On Sat, Oct 14, 2006 at 07:56:24AM -0700, Jonathan Lang wrote:
: Right.  That _almost_ takes care of the issue; the only part left
: untouched is what happens if you have two methods that can only be
: disambiguated by the invocant's role, and you aren't told what the
: role is.  For instance:
:    class DogTree does Dog does Tree {
:      method bark( Dog: ) { ... }
:      method bark( Tree: ) { ... }
:    }
:    my DogTree $x;
:    $x.bark();
: In this example, what does the dispatcher do?

Never gets to the dispatcher if you write that, because you have to
write "multi method" in the class to share a short name like that.
The compiler's semantic analyzer will barf on such a name collision,
just as if you tried to redefine a sub.  But we'll leave that aside
and take the "multi" as given.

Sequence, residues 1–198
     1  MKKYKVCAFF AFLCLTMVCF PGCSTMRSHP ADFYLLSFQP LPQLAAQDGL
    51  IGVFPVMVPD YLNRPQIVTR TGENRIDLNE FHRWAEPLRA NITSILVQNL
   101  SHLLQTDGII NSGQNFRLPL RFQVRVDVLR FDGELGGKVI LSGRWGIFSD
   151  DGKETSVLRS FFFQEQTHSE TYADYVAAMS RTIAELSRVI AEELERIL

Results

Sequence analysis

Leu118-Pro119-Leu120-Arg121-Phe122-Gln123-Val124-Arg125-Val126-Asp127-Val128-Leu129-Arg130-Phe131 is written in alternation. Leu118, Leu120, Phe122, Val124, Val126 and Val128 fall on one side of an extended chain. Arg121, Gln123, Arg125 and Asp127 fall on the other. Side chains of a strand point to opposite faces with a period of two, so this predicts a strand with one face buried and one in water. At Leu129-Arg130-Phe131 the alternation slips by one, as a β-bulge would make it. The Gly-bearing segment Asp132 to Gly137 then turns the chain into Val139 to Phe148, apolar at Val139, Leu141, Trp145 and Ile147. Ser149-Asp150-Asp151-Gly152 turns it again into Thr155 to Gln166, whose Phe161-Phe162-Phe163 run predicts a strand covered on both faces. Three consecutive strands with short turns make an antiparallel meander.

If there's no good reason to choose one over the other, multi semantics
dictate that the most prudent course of action is to choose neither
and die of ambiguity.  This is documented.

On the other hand, if you say one of:


then the dispatcher could arguably call them both.  But we haven't
really talked about whether .* notation should extend to multi methods
within a single class.  .* is intended primarily for calling one
method from each class, and if you take that view then the initial
call into the class succeeds but the redispatch into the class's
multi fails from ambiguity.

As usual, I can argue it both ways.  Could probably even locate a
gripping hand or two if I tried a little harder...


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